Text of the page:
For the interim period, prior to the implementation of the new FMS, we plan to prepare the requested budget status reports and the reconciliations with the budget submission by preparing spreadsheet based reports containing data from several sources. Upon confirming the reporting requirements with GAO and the Committee over the next few weeks, we will be able to develop the spreadsheets and take steps to begin capturing any currently unavailable required information. We plan to come to closure on this issue, and have an agreed to interim solution by the end of April, 1999.

We apologize for not being as responsive as necessary on this issue and we will work hard towards meeting your reporting requests as quickly as possible. The AOC spent several months in early 1998 working with the GAO to create the requested reports based on the reports that the GAO provides the Senate. We had originally created a Budget Status Report to address this need. However, this report has been determined to be inadequate for the Committee's needs due to the combining of current and prior year financial information and the lack of project status information. UNTU NON-EAR P200S Question wat is the total sub of seva provets funded in sever i What peber ose press buve beer stared Wat kesre keren pleted?

Answe. A total of 55 ances proves were fanded in fiscal year 1994 projects are in various sagas o eiser construcnon design a secoue device ment, a procurement Artois time, none of the projects are madera i prvi complete

Question what is the total pomber of muld-year projects that the AOC current has underway. He say those projects have been started

Answer. Tře AOC bass and rear projects currently underwar and the marty are under constructica Of the 98 projects 21 have not had funds abigated aruins them. Nineteen of the 21 projects are eather in design or specification dereipexenia procurement, are awaiting dient or oversight approval to proced

YIK PROGRAM Question What has been spent to date on your Y2K program, and what was in quested in your 2000 budget?"

Answer. The AOC has spent a total of $2,537.000 on Y2K prştams The significant projects that funds have been spent on include the replacement of the sounting system, upgrading the procurement system, replacement of the work order sig. tem and replacement of noncompliant personal computers. It is anticipated that an additional $103,000 will be spent on Y2K system initiatives from currently available funds. The AOC is requesting $1,444,000 from funds appropriated to the General Accounting Office for Y2K compliance and contingency planning activities

SENATE RESTAURANTS Question. Last year you predicted that the Senate restaurants would be $200.000 in the black in 1998 and $600,000 in the black in 1999. What was the financial balance in 1998 and what do you currently project for 1999 and 2000?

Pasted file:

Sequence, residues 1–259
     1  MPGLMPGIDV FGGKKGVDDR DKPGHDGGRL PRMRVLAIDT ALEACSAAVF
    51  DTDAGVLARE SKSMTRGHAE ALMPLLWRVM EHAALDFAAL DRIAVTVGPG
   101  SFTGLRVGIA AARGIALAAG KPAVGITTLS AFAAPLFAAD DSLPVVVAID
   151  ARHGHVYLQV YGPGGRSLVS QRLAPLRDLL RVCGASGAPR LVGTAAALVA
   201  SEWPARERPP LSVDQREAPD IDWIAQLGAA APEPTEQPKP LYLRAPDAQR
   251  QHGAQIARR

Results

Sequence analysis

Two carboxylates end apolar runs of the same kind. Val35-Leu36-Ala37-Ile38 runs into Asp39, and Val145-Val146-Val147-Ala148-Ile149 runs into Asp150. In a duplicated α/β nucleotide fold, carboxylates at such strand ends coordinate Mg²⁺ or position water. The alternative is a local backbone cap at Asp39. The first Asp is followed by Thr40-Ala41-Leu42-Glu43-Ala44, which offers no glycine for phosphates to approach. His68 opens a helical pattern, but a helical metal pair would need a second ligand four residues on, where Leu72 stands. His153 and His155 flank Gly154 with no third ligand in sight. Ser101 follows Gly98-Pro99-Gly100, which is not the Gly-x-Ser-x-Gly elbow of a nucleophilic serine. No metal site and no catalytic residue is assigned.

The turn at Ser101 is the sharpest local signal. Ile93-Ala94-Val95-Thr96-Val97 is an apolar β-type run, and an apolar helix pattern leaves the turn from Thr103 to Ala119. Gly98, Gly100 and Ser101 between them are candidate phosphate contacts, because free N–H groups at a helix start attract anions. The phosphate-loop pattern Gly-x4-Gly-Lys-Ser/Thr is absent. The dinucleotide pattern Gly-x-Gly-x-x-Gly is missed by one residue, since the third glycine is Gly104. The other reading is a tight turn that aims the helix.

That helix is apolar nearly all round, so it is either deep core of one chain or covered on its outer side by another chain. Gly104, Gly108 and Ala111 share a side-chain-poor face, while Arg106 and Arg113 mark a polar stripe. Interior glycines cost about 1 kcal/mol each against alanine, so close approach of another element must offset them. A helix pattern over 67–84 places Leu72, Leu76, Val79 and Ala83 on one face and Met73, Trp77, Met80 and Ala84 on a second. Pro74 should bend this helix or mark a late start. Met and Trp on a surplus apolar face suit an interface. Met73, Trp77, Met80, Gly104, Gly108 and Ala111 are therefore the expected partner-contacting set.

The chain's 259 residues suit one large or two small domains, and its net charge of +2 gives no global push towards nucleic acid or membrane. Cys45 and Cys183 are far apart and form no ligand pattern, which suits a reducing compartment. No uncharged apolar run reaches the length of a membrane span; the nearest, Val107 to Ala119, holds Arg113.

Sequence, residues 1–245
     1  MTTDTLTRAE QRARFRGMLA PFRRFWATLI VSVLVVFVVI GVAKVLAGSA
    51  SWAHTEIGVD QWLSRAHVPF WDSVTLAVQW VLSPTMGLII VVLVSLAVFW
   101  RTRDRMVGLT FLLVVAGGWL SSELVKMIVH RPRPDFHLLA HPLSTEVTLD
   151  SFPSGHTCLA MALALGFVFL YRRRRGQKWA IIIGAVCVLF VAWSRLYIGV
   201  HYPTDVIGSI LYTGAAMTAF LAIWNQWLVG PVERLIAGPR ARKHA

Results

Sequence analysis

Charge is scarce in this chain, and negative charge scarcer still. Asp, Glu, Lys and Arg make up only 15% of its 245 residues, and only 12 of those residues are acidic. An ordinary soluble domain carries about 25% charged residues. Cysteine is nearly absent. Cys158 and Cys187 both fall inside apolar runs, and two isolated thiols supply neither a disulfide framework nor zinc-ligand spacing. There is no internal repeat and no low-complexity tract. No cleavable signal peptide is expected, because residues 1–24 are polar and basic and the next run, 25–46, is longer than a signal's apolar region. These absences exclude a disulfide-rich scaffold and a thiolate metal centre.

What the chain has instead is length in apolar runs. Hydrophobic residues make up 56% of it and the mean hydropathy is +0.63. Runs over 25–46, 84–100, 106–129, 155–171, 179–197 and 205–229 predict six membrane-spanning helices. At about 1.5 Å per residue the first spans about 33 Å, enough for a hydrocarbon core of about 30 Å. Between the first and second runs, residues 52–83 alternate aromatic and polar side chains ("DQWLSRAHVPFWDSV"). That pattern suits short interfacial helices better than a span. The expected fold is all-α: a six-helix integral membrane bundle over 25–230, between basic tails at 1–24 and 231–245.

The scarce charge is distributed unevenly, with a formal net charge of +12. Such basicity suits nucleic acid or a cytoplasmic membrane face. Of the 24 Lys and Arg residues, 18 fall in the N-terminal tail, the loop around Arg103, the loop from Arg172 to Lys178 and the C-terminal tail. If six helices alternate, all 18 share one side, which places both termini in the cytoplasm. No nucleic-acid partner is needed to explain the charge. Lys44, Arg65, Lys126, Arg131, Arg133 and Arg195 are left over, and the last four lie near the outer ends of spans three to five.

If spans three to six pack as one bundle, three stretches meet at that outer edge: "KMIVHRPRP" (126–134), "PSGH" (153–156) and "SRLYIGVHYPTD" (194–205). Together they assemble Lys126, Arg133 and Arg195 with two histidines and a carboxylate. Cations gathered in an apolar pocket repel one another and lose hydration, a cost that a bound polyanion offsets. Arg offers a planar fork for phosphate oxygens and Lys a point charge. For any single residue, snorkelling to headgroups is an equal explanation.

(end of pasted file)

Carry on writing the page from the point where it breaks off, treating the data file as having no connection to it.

Answer. The year end financial statements for fiscal year 1998 (which included appropriated funds and revolving funds) for the Senate Restaurants indicates a loss of $607,865. Included in this loss is the one time expense for the buyout of $753.282. This expense includes approximately $87,300 in terminal leave which would not have been charged as well as an increase in replacement labor (approximately $70,500) while the Restaurant was being reorganized. The net loss would have been approximately $450,100.

As we have continually noted with the Architect of the Capitol's Re-engineering Plan, the savings from the buyouts offered are not realized until the following year. Currently, the Senate Restaurants project a profit of $261,000 for 1999. Included in the operating expenses is the repayment of a contingent fund loan of $275,000 provided to cover the balance of buyout payments which occurred in fiscal year 1999.

This profit is based on the current operating configuration of the Restaurants. We are actively working with the Rules Committee to finalize the services offered within the Restaurants and only a positive impact on the financial statements is planned.

RUSSELL COURTYARD BOXWOODS Question. Please explain why the English Boxwood plants in the Russell Courtyard were destroyed. What are your plans for replanting the area where the Boxwoods were removed? What are your plans for the English Boxwood's that remain in the Russell Courtyard?

Answer. The boxwoods have overgrown the walkways, impeding the passageways for pedestrians, and are in need of replacement. In fact, a project was included in the AOC's fiscal year 1998 budget request to Renovate and Restore the Russell Courtyard which included the replacement of the overgrown boxwoods with smaller ones. This project was actually funded by a fiscal year 1997 reprogramming but placed on hold because of the then proposed use of the Courtyard. While the boxwoods were removed to make way for constructing a building that will provide temporary "swing space” for various Senate committees during renovation of the Dirksen Building, they were slated for removal and replacement in any event. We have looked at the option of heavy pruning to restore pedestrian access to the walkways, but the appearance of the boxwoods would be ruined.

Accordingly, after the "swing space” facility is demolished, we plan to remove the remaining boxwoods and replace them all with appropriately-sized three to four foot